Wednesday, February 12, 2014

Dry Creek Valley: Dutcher Crossing Bernier Sibary Vineyard Zinfandel

Field blend wines are those for which various different grape varieties are grown and harvested together, then cofermented.  19th century winemakers found it advantageous to blend the wine in the field, rather than use separate barrels for each grape variety. Today's methods are more expensive, but more flexible.  However, those longing for Zinfandel the way great-great-grandaddy used to make it can find field blend Zin in Dry Creek Valley.

As noted in the first of this series, Dry Creek Valley is located in Sonoma County, with a history of grapes that dates back to California's Gold Rush days. The valley is 16 miles long, two miles wide, and sustains 9,000 acres of vineyards.  I was supplied with three field blend Zins from Dry Creek Valley for the purpose of a BrandLive virtual tasting event with the winemakers in January 2014.  This is the second wine in the series, from Dutcher Crossing.

Dutcher Crossing has an estate vineyard and sources fruit from a handful of other local grape-growers.  This field blend Zinfandel - Dutcher Crossing Bernier Sibary Vineyard Zinfandel 2012 - is named not only for the vineyard from which the grapes come, but also for the grower.   Jane and Scott Sibary partner their hillside vineyard property with grower Paul Bernier.  The land is planted to organically farmed Zinfandel, intermixed with Petite Sirah, Carignane and Mataro - more often called Mourvèdre.  The object of the planting method was to make a Zinfandel wine with nuances from the other varieties.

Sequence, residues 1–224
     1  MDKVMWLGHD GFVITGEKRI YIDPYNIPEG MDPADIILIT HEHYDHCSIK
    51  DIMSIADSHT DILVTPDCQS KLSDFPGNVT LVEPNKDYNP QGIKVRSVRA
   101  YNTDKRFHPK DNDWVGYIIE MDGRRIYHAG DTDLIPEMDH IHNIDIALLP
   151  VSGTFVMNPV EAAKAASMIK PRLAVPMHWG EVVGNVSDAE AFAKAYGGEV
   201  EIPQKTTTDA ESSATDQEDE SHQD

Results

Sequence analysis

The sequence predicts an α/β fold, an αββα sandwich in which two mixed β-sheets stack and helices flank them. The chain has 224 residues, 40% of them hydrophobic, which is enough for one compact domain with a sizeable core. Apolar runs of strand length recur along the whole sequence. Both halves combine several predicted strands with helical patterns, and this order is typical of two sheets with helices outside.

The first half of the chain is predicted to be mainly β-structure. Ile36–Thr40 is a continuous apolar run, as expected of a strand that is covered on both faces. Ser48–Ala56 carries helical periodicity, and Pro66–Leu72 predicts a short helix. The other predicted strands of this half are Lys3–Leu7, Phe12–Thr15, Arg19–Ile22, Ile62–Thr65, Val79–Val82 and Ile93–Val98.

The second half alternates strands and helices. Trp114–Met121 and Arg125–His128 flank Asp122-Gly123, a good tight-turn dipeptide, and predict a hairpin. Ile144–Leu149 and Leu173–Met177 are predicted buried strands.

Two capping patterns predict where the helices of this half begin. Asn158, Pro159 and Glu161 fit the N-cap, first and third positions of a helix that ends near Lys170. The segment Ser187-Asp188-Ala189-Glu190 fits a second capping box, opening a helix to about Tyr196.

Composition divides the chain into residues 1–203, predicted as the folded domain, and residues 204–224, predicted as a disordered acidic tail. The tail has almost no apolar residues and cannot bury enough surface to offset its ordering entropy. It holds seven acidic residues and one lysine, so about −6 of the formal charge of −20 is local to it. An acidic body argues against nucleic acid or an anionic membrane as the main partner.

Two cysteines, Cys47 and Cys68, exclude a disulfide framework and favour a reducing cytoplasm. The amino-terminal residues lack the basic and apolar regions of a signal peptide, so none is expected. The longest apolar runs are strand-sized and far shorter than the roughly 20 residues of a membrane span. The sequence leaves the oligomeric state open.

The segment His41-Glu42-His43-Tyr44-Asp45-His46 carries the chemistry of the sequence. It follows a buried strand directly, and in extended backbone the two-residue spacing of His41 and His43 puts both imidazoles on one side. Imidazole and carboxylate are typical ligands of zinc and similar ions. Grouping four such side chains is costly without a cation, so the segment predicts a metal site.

In 2012, the vineyard was harvested in mid-October.  Winemaker Kerry Damskey says the long hang time was critical to the ripening of the interplanted Carignane and Mataro.  Temperatures held fairly steady through the season and no inclement weather hampered the growing.  During the video presentation, Damskey revealed that he and another man are responsible for all the Zin vines in India, having brought them there in a suitcase.  Who knew?

Damskey was able to produce 477 cases of this Zin, which retails for $43 per bottle.  The blend is 75% Zinfandel, 10% Petite Sirah, 10% Carignane and 5% Mataro.  He likes the "mushroomy" notes added by the Mataro grapes.  The 14.9% abv alcohol number is fairly high, even by Zinfandel's usually lofty standards.  During vinification there were 22 days of skin contact, insuring a rich color.  The wine spent 14 months in barrels, 30% of which were made from new French oak.

The wine's foil cap is adorned with the image of a vintage high-wheel bicycle, which was given to proprietor Debra Mathy by her father.  It is stated on the winery's website that the velocipede "represents Dutcher Crossing's pursuit of quality small-lot winemaking, the guiding power of her father's imagination and the journey that lies ahead."  Ride on, sister.

This is a big Zin, and it shows it right away.  Its dark purple color and a huge blast of alcohol on the nose tip the scales towards brawny expectations.  After some time, the alcohol blows off.  There is a sweetly medicinal aroma left draped over the fragrance of dark fruit and cigar tobacco.  On the palate, a bit of bramble joins an otherwise elegant display of dense, dark fruit.  A long finish features cassis and spices.  Tar notes come forth on the second night open.


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